01187-A: The Role of mTOR in Canine Lymphoma
Grant Status: Closed
Project SummaryLymphoma is the most common malignant tumor in the dog. It is a highly aggressive cancer and while most dogs achieve remission with chemotherapy treatment the lymphoma usually returns within a year and eventually leads to their death. The AKT/mTOR pathway is turned on in many forms of human cancer, including lymphosarcoma and other hematologic malignancies. In this study we have identified that the AKT/mTOR pathway is present and active in four canine lymphoma cell lines. Further we have found that we can slow cellular proliferation by treating the cells with rapamycin, which inhibits this pathway. We have also collected lymph node aspirates from dogs with lymphoma and also found that this pathway is active in dogs with lymphoma. While this work is ongoing, it supports that use of mTOR inhibitors in the reatment of lymphoma.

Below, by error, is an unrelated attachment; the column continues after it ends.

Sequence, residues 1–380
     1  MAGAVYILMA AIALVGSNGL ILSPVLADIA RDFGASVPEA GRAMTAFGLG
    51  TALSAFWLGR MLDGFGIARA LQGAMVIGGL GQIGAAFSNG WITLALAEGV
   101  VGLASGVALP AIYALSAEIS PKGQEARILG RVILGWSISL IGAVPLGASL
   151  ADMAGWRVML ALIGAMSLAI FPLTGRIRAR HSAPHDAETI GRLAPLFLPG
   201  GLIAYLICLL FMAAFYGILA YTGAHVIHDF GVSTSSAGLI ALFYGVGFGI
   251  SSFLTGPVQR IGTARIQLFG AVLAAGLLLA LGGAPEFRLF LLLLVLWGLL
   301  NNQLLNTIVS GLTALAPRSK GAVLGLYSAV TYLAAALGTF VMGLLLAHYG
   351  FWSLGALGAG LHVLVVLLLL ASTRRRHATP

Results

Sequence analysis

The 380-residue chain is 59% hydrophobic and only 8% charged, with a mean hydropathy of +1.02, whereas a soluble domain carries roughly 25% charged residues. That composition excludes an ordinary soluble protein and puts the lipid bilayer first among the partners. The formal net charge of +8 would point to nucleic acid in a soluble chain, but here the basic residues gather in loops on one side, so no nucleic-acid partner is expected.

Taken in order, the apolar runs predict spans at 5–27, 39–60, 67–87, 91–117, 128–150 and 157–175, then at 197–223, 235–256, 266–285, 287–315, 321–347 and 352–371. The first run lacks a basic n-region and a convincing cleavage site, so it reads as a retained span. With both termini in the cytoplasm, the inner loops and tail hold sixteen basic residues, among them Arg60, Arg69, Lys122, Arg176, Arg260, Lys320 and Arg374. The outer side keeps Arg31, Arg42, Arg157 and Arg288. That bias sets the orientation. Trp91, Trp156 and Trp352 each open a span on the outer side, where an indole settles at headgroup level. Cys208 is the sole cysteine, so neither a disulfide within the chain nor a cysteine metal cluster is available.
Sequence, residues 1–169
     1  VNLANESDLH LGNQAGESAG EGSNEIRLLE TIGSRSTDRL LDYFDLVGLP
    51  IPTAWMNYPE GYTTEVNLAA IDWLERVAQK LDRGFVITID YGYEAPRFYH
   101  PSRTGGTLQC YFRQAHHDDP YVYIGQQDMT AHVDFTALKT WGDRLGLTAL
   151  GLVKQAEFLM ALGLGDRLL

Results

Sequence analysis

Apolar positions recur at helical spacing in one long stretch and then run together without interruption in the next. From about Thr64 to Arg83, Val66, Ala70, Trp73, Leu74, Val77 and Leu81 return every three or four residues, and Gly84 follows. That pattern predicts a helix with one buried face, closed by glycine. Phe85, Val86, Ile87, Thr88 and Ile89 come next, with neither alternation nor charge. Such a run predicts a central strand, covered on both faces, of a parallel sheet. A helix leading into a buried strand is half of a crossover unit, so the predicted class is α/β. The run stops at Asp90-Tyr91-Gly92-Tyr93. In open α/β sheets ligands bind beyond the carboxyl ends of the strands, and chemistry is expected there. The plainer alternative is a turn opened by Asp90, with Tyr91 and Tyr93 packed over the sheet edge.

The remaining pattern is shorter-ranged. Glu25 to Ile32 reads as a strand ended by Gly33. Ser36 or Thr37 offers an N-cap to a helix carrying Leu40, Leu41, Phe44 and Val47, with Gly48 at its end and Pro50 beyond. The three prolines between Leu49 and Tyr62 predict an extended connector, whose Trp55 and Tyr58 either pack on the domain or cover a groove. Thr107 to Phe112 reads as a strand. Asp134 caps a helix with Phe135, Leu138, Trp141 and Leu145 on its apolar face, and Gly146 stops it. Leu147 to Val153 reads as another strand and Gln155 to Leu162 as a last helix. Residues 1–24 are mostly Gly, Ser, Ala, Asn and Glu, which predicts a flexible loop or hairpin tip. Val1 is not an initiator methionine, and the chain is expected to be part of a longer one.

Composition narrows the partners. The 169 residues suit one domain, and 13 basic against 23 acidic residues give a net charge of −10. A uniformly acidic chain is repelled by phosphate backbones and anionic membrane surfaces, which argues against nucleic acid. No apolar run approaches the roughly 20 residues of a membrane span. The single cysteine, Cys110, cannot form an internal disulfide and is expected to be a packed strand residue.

None at this time.
Help Future Generations of Dogs
Participate in canine health research by providing samples or by enrolling in a clinical trial. Samples are needed from healthy dogs and dogs affected by specific diseases.